How to use a Metal 3D Printer

Article by Ali Shahab updated April 29, 2019

The Desktop Metal Studio System is the world’s first affordable, office-friendly metal 3D printing system. Safe and simple to use, the Studio System was designed to bring metal 3D printing to the shop floor by allowing engineering and design teams to make metal parts faster, without the need for special facilities or dedicated operators.

Watch this video to learn the steps involved in metal 3D printing with a Desktop Metal Studio System:

Step 1: Design Your Part

The first step is 3D modelling a part in Desktop Metal’s cloud-based software, providing control over the parts printed features such as orientation and support structures. Adjusting the part orientation and support structures can minimize print time and save material. It is always good practice to use custom settings for the best print.  

Figure 1: 3D Rendering of turbine on Desktop Metal’s cloud based software ‘Fabricate’

Step 2: Print Your Part

Next the Studio System is used to print the model using a process called Bound Metal Deposition (BMD), which is an extrusion-based metal additive manufacturing process – similar to the FDM (fused deposition modeling) process on many plastic 3D printers. The Studio System has two independent extruders, one for the material and the other for ceramic interface. The ceramic interface is what helps separate the metal part from the support structures. In fact, the ceramic interface disintegrates into a powder once the part is sintered.

Figure 2: Desktop Metal’s extrusion based printing

Step 3: Debind Your Part

Your new 3D model is composed of metal powder held together by wax binder, which needs to be removed before it is sintered. Ensuring the removal of all primary wax binding is important for the best results and avoid part failures like cracks and blisters. The Studio System Debinder immerses the printed part in debind fluid, which creates an open pore structure for the remaining binder to escape during sintering.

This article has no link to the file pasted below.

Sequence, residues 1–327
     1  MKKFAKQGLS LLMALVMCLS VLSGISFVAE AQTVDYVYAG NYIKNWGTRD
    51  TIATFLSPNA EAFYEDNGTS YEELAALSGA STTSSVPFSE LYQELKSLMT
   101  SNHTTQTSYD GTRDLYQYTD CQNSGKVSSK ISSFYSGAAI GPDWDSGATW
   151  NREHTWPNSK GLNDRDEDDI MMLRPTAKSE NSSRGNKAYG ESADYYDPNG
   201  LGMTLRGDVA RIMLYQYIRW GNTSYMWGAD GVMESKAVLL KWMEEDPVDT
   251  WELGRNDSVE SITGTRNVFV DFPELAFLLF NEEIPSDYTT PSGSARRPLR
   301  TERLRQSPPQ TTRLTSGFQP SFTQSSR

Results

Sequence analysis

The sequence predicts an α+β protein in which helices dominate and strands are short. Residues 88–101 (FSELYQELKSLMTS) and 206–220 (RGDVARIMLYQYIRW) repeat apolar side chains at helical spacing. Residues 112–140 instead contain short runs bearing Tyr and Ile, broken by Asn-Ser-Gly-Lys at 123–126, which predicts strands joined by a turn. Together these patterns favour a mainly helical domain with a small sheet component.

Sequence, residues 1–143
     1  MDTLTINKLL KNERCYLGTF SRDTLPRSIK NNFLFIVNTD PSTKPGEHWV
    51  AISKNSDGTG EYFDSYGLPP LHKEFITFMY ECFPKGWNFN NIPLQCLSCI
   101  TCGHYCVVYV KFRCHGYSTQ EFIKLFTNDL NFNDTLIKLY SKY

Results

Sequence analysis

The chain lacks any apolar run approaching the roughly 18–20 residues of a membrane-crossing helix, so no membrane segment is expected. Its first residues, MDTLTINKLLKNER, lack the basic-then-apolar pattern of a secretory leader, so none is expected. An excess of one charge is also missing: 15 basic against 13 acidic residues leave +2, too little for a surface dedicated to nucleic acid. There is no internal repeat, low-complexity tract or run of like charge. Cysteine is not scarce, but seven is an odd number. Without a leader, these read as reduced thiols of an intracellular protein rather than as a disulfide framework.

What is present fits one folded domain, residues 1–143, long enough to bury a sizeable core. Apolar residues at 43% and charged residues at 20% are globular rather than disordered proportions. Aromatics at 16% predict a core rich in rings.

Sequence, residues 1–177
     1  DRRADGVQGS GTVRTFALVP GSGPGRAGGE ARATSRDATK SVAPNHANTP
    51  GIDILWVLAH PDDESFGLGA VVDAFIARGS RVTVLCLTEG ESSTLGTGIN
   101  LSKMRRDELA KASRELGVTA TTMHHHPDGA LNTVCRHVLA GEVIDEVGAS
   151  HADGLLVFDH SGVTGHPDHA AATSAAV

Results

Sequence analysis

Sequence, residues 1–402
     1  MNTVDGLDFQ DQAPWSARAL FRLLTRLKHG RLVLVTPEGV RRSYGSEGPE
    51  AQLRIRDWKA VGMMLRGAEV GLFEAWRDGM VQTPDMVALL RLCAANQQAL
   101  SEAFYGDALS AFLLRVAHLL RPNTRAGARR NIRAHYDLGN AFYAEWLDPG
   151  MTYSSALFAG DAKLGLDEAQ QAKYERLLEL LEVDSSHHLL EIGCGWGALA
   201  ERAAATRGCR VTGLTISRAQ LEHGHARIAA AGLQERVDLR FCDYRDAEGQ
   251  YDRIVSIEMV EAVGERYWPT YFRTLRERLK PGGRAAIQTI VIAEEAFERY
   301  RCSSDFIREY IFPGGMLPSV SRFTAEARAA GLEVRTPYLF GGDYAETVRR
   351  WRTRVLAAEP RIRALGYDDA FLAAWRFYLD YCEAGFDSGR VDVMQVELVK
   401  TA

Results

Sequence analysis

Step 4: Sinter Your Part

The last step in the Studio System process is to sinter the 3D printed part. In this step, the part is heated to just below the melting point of the metal, which solidifies the metal part. It is important to check the sintering success of your part at the beginning phase of modeling the part. A typical sintering cycle takes around 40 hours to complete. Sintering time depends on the size, geometry and layout of your 3D printed parts. As the size of the parts increase and geometries become more complex, the overall sintering time can increase up to 49 hours.

Figure 3: Separated part placed inside furnace ready to be sintered

Once the part is sintered, the support structures can be removed from the part, then the final part can be post processed for a nice finish.

Figure 4: Ceramic interface layers help remove the support structures from the main part

Learn More: Exploring metal finishing methods for 3D printed parts

Desktop Metal partnered with Fortune Metal Finishing (FMF) — a leading supplier of finishing equipment and supplies—to test various finishing methods on metal parts printed with the Studio System™ to observe resulting surface finish and other characteristics.

Download the white paper to learn more about the three techniques for metal finishing:

  • Centrifugal disc
  • Centrifugal barrel
  • Media blasting

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Ali Shahab

Ali is an Additive Manufacturing Co-op with Javelin, and he is currently enrolled in the Mechanical Engineering Mechatronics program at Ryerson University.